Malcolm Jorgensen

Malcolm Jorgensen was awarded his PhD in United States Foreign Policy and International Law in October 2015 as the first resident doctoral candidate of the US Studies Centre. Malcolm is a former research associate of the Centre, lecturer in "US Politics: Presidency and Congress", and tutor in undergraduate units of study taught by Professor Geoffrey Garrett, Associate Professor Brendon O'Connor and Dr Sarah Graham. He is an associate of the Sydney Centre for International Law and has lectured in Public International Law at the Sydney Law School and at UNSW Law. Malcolm is a researcher and regular broadcast and print media commentator on American politics, American foreign policy, and American international legal practice.

He holds a Bachelor of Laws (Hons) and a Bachelor of Arts (Hons) with majors in Economics and International Relations, each from the University of Queensland. He was awarded First Class Honours for his undergraduate thesis examining the constraints international law placed on the use of military force leading up to the 2003 Iraq War. Following undergraduate studies, Malcolm was a Judge’s Associate in the Supreme Court of Queensland to Justice P.D.T. Applegarth and Senior Judge N.A. Skoien (Ret.). He was subsequently admitted as a lawyer of the Supreme Court of Queensland and of the High Court of Australia and worked as a commercial litigation solicitor.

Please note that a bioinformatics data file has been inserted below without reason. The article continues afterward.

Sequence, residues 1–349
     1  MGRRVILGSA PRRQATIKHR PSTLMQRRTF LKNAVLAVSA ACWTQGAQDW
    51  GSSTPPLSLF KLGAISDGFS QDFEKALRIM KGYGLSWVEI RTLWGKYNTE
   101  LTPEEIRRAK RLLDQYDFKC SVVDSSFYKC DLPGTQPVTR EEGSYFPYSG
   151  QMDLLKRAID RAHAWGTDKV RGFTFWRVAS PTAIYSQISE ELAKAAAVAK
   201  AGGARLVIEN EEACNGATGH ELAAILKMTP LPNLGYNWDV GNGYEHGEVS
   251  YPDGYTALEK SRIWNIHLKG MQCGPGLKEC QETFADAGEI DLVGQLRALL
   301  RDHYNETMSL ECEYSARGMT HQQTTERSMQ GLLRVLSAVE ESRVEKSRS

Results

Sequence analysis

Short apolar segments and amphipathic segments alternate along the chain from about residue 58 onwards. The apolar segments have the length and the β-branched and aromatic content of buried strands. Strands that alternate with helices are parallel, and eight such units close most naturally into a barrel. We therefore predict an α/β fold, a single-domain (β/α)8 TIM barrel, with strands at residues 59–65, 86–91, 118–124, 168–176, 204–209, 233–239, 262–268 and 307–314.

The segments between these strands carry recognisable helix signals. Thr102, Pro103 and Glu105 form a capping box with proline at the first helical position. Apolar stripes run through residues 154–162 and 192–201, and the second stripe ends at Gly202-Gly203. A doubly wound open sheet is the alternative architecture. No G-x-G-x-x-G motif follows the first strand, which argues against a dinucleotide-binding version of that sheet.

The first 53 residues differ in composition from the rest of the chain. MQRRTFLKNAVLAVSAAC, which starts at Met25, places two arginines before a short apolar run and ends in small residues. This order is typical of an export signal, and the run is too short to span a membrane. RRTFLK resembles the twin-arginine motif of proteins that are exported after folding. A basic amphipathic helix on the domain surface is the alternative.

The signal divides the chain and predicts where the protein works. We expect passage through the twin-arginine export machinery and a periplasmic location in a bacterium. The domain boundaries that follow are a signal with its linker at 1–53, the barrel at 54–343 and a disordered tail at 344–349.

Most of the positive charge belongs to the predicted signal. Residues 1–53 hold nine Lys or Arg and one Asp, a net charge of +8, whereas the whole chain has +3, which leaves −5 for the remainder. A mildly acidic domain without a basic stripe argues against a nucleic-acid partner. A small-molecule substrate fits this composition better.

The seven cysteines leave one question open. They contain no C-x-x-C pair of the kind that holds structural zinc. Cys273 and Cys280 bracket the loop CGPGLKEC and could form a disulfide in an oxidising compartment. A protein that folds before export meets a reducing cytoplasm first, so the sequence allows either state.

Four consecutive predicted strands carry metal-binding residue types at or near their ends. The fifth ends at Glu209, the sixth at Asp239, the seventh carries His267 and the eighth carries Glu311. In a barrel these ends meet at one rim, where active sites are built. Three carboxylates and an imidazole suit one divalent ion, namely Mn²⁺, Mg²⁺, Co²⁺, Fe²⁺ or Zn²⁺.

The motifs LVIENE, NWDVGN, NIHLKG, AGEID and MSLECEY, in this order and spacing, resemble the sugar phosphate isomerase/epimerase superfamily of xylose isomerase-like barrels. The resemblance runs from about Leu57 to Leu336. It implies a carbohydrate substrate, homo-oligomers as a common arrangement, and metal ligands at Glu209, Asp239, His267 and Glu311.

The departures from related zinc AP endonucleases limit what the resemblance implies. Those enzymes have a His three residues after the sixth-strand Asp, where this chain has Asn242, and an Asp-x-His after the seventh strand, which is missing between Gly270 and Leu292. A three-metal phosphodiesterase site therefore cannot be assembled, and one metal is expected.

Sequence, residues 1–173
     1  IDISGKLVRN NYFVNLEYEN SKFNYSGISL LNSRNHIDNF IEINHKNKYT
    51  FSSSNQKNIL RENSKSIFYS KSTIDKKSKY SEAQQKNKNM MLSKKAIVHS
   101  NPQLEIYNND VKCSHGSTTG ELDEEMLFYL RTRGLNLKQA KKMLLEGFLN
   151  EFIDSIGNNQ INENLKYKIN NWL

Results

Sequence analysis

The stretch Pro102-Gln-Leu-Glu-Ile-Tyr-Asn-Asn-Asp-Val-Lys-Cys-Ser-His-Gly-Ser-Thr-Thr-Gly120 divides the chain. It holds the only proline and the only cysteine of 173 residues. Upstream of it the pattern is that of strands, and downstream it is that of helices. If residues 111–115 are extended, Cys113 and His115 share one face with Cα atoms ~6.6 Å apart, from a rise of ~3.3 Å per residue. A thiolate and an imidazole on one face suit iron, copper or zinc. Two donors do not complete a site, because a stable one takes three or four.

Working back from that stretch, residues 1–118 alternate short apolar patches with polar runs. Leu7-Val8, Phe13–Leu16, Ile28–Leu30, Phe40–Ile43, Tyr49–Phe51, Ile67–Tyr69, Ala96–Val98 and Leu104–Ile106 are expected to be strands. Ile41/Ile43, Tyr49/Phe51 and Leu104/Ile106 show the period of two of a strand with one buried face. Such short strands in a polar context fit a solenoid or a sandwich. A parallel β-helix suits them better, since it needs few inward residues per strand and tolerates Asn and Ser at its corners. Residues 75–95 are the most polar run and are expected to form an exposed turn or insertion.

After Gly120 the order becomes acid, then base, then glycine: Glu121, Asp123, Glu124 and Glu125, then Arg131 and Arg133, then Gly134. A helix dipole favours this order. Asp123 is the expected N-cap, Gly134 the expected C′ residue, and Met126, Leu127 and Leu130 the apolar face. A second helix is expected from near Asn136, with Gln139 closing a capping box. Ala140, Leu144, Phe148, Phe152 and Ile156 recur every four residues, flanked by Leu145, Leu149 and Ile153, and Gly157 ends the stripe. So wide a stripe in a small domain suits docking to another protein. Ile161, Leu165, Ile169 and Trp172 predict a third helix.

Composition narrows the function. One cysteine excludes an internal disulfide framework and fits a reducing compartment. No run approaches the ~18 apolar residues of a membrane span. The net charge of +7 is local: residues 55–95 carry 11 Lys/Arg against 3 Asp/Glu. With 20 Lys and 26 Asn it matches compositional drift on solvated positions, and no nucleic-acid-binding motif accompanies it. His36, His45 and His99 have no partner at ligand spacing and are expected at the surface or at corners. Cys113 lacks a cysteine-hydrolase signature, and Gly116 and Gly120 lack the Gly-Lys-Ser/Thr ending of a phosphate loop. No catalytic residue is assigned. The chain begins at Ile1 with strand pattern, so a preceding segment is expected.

Malcolm’s PhD thesis was supervised by Professor Tim Stephens and Dr David Smith and titled "American Foreign Policy Ideology and The Rule of International Law: Contesting Power through the International Criminal Court" ( Malcolm spent a part of his candidature in the US conducting interview and archival research for the project.


  • 2012–present
    Associate, Sydney Centre for International Law
  • 2010–2014
    PhD Candidate, The United States Studies Centre


  • 2007 
    University of Queensland, Bachelor of Laws (Hons), Bachelor of Arts (Hons)

Research Areas

  • International Law (Excl. International Trade Law) (180116)
  • International Relations (160607)